In football, there's nothing quite as useful as sleight of hand.
Even if you're giving up 500 pounds across the offensive line or you're a half second slower on your 40, a little trickery in the right place at the right time can change the game. Just ask Boise State. They made a living off it for years.
Stanford doesn't need to use Ocean's 11-level trickery to beat teams. Instead, just a little dose of the unexpected here and there is enough to keep opponents off the mark. After getting power football smashed into your face for 25 minutes, it's time to mix it up.
One example of Stanford using an ounce of trickery to pounce on an opponent came just minutes into the 2013 season, on the Cardinal's first drive of the year against San Jose State. After three straight run plays to Tyler Gaffney, the Cardinal approach a 1st and 10 at the Spartan 40.
Stanford lines up in an I-formation with two tight ends and Devon Cajuste split wide to the left. He quickly comes in motion across the formation to shift the strength to the right side.
The SJSU defense is set up in an under front, with the linebackers shifted toward the right (strong) side. Behind it, they're running some variant of a cover-3 (perhaps a cover-6). With all this extra bulk on the line and the two running backs in the backfield, Stanford's set up in a run formation, but they're going with a deep play action pass instead. Here's the way the play's going to look.
Both tight ends will run deep corner routes, while Cajuste will run a post to the center of the field that crosses right under the tight end's route. Hopefully, this cross on the right side of the field will confuse the deep safety - the guy Kevin Hogan will be reading when he hits the top of his drop.
In the next two frames, Hogan carries out the play-action to Gaffney, while the defense spots the tight ends going deep and begins to drop into zone coverage. The strong side corner backpedals a long way to handle Cajuste going vertical, while the linebackers all drop except for the backside middle linebacker, who steps up a few yards, perhaps fooled by the play fake.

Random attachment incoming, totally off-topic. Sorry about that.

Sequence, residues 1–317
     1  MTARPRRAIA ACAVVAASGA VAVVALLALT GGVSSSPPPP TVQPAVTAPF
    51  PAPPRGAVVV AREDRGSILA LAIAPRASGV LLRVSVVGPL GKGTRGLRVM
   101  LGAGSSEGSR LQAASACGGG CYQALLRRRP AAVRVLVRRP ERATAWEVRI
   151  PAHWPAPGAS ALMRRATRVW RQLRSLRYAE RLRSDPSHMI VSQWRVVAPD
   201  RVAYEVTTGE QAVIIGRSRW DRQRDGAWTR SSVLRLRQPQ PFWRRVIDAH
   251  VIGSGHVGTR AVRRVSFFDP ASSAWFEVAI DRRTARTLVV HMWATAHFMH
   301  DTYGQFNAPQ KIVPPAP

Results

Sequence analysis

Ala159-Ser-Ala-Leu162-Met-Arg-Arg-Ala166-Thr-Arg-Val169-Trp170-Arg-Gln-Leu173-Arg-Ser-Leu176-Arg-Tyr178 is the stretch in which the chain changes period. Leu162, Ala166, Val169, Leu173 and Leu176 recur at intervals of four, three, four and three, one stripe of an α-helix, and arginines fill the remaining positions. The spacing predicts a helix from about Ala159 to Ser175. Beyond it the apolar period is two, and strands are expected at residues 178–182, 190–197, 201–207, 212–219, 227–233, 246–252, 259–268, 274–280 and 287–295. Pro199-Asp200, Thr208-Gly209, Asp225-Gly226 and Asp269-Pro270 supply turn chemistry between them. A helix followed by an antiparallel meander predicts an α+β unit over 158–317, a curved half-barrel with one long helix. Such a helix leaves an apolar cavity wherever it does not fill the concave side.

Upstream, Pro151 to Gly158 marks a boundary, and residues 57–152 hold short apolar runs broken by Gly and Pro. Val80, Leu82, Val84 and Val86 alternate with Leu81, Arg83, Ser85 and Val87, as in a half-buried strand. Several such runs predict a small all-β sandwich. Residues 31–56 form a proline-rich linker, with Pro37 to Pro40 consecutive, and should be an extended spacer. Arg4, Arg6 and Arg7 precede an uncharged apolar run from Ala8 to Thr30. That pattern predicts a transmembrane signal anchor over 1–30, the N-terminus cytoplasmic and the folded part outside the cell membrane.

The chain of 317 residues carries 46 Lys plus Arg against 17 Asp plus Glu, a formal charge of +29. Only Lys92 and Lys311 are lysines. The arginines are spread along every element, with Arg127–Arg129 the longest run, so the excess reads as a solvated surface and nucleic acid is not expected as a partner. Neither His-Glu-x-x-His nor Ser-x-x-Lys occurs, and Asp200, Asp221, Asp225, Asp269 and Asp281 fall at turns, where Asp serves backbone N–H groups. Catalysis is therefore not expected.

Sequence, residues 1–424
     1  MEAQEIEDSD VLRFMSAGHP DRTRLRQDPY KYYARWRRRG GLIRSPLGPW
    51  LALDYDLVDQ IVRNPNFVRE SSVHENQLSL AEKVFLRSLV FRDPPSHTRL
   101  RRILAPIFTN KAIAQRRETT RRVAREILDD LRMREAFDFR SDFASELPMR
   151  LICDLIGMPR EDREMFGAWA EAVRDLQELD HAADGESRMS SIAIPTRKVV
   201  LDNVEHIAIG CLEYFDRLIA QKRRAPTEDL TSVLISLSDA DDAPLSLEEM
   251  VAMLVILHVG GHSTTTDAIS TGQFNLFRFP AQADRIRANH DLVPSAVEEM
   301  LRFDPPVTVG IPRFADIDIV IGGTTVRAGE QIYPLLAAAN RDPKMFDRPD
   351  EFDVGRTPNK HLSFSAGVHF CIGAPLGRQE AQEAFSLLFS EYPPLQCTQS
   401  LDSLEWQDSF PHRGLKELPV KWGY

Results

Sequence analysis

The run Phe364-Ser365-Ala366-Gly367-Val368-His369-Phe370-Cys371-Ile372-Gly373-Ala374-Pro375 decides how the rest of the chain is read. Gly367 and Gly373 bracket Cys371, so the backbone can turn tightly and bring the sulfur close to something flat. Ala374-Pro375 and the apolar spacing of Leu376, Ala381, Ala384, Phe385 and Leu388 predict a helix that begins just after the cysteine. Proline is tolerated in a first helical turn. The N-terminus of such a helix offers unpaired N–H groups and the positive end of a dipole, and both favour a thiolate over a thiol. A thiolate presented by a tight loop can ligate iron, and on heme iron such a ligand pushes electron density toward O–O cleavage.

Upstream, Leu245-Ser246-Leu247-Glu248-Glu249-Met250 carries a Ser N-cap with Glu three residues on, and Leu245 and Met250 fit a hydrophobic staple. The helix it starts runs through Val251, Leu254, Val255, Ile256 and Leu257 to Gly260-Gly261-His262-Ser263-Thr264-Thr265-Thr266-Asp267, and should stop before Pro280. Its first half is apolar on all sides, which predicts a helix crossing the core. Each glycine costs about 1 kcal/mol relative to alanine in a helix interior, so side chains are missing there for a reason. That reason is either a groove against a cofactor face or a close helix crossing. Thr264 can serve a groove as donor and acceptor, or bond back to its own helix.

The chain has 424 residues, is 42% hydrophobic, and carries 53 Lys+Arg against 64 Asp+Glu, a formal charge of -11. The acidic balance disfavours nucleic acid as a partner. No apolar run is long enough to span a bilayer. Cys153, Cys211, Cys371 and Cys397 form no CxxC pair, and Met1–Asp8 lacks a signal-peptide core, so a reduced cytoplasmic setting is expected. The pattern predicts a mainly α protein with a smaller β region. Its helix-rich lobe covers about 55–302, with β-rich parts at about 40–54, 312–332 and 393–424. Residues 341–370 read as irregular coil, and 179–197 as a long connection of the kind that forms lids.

Hogan now reaches the 4th step of his drop and spots the safety moving to his left (Hogan's right). The safety has sold out that he's going toward the sideline. Now, all Hogan is waiting on is for the receivers to cross.
And here they go.
The safety on the backside is occupied with the tight end running the corner route on the far side, so he's also out of the picture as far as Hogan is concerned. Now, Hogan sees the middle of the field open up for Cajuste and lets it fly. The strong side safety stops and tries to change direction, but he's got no chance of stopping the catch.
Look how wide open the middle of the field is when the ball is halfway through its flight.
Cajuste catches the ball at about the 15 yard line and drags the hapless defender into the end zone with him.
The fantastic thing about this play is that it's not all that complicated, but it's effective against almost any type of coverage if there's enough protection for the quarterback. Run this play against man coverage and you might get two defenders to run into one another. Run it against cover-2 and you might see a wide open middle of the field like in this play.
Watch the play in action:
If Stanford's tight ends in 2014 are as good at blocking as they are at catching passes, expect the Cardinal to go back to this play (or one very similar) more than once. A bruising run game followed up by this kind of execution in the play-action is a hard thing to stop.
And when you've got players like Stanford does, a small trick is all you need to be effective - or even deadly.